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Arye, Lustig & Sassower, P.C.

New York’s Premier Construction Accident And Personal Injury Lawyers

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Posts tagged "scaffolding"

Top causes of construction injuries

Regular readers will recall that not long ago we shared the top 10 workplace safety violations, according to the Occupational Safety and Health Administration. These violations far too often result in injuries to New York City construction workers and others.

New York City's Scaffold Law protects workers

Big business interests have for years tried to undermine the federal government's Occupational Health and Safety Administration and Environmental Protection Agency. A local target by construction companies is New York's Scaffold Law. The goal is always the same, the opponents of safety regulations say: cut government red tape and save the taxpayers money.

Worker dies in scaffolding accident at a Midtown hotel

A construction worker fell approximately 80 feet to his death at a Midtown hotel on April 2.  The accident occurred at approximately 2:10 p.m. when the worker fell from scaffolding at 210 West 55th Street close to Broadway.

After surviving 47-story fall, construction worker moves on

On Dec. 7, 2007, two brothers were cleaning the windows of a Manhattan high rise when their scaffold broke. One brother died. The other brother survived a 47-story plunge to the ground in the scaffold. He survived, despite serious injuries. Doctors at the time were surprised that the man survived the scaffold accident. But he survived, and recovered well enough that he has even completed a 5K walk for charity.

Opponents reignite debate over New York Scaffold Law

Working on scaffolds places construction employees high above the ground and at risk of injuries and death from falls. Because of this danger, New York lawmakers have enacted special legal protections for people who work on scaffolding. But contractors, insurers and property owners have long said the law is unfair, and they are now waging a new campaign against the law.

Work dies in fall from scaffold at NYU

Could proper safety training have prevented a construction worker from dying in a fall at a New York University construction site? The 56-year-old man working for a construction company on a job site for façade repairs at a New York University building. He fell 70 feet onto the roof of a nearby building on a recent morning and died at Bellevue Hospital.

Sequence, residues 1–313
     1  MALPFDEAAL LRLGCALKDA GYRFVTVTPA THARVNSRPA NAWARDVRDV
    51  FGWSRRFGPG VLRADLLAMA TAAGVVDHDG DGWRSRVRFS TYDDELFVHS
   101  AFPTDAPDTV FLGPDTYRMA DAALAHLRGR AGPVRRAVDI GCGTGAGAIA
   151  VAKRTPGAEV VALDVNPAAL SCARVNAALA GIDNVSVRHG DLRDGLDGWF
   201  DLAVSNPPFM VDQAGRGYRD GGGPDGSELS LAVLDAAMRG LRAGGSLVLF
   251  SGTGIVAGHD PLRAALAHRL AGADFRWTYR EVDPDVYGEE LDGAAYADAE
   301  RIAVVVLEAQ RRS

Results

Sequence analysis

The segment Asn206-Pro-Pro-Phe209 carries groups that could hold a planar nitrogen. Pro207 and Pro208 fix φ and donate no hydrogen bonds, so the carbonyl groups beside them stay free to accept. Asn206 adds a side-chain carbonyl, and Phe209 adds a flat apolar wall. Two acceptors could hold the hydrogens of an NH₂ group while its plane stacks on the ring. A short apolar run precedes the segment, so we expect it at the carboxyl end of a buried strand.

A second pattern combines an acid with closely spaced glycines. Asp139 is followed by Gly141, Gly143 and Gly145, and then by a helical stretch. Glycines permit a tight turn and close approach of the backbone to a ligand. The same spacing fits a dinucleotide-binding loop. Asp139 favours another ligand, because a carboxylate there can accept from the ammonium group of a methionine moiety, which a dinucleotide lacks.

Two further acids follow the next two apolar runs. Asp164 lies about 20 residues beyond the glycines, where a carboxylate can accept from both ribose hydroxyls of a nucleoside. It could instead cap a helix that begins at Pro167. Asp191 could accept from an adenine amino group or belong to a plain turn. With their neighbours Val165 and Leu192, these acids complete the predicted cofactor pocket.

Case Results

Since 1965, we’ve recovered over $1 BILLION on behalf of our clients. read more
  • $2.1 million settlement

    for 33-year old electrician who fell from ladder while attempting to fit heavy cable into crown box when cable sprung back and struck him, causing him to suffer left shoulder injury with impingement.

  • $1.6 million settlement

    for 38-year old electrician who slipped and fell on debris on stairway with resulting cervical herniated disc and aggravation of pre-existing arthritic changes.

  • $2.55 million settlement

    for 42-year old electrician who fell into an uncovered, unprotected hole and suffered a severe low back injury with herniated disc(s) that required surgery at L4-5 and L5-S1 levels.

  • $1.75 million settlement

    for 26-year old construction worker who fell through opening in roof and fractured his wrist, requiring surgery with open reduction and internal fixation, external fixation device, and eventual fusion.

  • $2.5 million settlement

    for 38-year old female electrician (with history of prior neck injury) who tripped on uneven Masonite protective floor covering, and suffered neck injury with herniated discs requiring cervical fusion.

  • $1.2 million settlement

    during trial for 40-year old sheet metal worker who was struck in the neck and shoulder by an air conditioning unit and suffered herniated cervical discs and cervical radiculopathy.

*AV Preeminent is the highest rating of Reed Elsevier Properties Inc., used in accordance with the Martindale-Hubbell certification procedures, standards and policies. Martindale-Hubbell is the facilitator of a peer review rating process. Ratings reflect the confidential opinions of members of the Bar and the judiciary. Martindale-Hubbell ratings fall into two categories - legal ability and general ethical standards.

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